Consequences of Disabling the Vista Search Indexer

After comparing Google Desktop Search and the Microsoft Vista search tools, I’ve decided that Google wins hands down.  So I switched off the Windows search indexer.  I don’t need everything indexed twice, right?

OneNote thinks I do:

When running on Vista, OneNote uses Vista’s search capabilities instead of its own built-in capability (that it must have to work on XP).  If other applications follow this lead, then either users will be forced to have the OS search in addition to whichever search they’ve chosen, or the search tools will have to implement the interfaces that OneNote and other apps are using.

The latter would be the best, I think, but Google’s not using I/O priorities or IFilters makes it seem like they’re not interested in integrating too well with Windows, so I wouldn’t expect them to do it.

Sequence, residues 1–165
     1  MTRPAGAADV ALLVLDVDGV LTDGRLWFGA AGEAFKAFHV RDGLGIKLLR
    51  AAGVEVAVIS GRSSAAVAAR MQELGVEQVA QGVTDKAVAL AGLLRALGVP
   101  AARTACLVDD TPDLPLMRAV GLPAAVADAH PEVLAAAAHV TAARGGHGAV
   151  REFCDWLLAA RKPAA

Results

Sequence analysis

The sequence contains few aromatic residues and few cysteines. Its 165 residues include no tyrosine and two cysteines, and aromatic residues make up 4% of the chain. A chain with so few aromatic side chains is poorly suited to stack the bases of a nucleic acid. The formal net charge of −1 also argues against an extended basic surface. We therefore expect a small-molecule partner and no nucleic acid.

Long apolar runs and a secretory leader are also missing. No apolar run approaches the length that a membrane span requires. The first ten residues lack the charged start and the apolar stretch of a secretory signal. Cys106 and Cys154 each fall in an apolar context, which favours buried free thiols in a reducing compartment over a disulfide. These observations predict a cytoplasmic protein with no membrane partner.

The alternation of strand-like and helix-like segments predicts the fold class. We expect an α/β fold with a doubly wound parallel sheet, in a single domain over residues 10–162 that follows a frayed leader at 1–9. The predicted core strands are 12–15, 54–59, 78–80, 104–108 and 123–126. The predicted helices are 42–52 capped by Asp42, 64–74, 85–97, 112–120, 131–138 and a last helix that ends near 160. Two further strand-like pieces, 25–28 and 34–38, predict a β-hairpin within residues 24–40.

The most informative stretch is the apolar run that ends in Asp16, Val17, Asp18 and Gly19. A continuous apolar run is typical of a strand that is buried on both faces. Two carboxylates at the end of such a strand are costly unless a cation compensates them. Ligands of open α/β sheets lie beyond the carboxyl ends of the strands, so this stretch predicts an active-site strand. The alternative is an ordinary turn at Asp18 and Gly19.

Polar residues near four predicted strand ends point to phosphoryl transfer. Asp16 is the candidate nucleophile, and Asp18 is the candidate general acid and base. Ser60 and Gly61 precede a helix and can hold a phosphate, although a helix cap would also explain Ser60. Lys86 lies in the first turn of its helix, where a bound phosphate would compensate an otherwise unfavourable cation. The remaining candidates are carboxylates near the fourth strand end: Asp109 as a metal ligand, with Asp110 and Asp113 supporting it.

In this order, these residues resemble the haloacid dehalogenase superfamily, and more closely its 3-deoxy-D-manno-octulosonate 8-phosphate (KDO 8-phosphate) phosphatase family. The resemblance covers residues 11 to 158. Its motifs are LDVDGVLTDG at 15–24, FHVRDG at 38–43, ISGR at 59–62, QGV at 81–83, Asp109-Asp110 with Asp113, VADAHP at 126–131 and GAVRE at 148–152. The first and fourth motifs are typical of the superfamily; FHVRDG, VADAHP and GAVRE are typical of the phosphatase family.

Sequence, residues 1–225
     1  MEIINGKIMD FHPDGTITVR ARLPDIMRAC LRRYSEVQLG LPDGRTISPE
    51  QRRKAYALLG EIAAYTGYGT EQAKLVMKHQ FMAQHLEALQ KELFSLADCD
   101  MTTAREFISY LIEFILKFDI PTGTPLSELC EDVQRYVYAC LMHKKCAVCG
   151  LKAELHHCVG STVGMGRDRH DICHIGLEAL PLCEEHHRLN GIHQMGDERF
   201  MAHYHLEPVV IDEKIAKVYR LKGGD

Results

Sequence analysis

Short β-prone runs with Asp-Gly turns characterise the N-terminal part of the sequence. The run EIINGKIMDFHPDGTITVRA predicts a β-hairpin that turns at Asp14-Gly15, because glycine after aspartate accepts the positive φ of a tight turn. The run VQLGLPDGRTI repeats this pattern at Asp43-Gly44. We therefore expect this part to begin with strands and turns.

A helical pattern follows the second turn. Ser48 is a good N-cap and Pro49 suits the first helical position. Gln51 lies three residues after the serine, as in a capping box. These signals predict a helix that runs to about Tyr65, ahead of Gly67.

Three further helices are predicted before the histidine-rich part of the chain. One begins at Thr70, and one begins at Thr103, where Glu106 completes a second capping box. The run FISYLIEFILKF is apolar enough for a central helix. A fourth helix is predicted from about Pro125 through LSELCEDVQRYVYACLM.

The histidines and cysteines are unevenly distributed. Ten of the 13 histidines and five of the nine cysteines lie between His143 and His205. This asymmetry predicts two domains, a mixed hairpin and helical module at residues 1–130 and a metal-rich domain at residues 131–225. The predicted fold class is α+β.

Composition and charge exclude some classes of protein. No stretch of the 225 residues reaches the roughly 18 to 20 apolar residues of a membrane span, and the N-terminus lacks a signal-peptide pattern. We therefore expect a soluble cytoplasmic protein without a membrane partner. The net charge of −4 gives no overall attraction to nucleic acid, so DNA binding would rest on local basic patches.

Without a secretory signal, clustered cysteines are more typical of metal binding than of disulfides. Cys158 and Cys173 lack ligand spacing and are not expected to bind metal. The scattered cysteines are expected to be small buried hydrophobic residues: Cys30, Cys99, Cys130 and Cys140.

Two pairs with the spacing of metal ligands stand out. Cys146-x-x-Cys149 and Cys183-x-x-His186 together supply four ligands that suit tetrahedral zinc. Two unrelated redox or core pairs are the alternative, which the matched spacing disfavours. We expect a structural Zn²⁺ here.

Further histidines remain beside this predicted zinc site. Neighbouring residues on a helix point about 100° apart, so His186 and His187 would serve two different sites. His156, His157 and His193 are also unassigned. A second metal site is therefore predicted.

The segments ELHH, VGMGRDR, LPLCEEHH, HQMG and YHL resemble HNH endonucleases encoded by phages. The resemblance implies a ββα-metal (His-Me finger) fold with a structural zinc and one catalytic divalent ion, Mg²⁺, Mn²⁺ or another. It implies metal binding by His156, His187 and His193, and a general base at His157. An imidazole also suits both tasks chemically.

Another useful Vista feature, Search Folders, depends on Vista’s search service.  I can understand this one not working.

What would be ideal would be if the search service were layered such that the API is provided by Windows, and Windows calls down to a search engine that does the actual work.  I’d love to plug Google’s engine into Vista’s API.  Problem is Google is pushing to be on the desktop not just to help you, but to capture your attention, and they can’t do that if you’re not using their UI.

Hopefully someone else will come along with a search engine designed to integrate with Vista.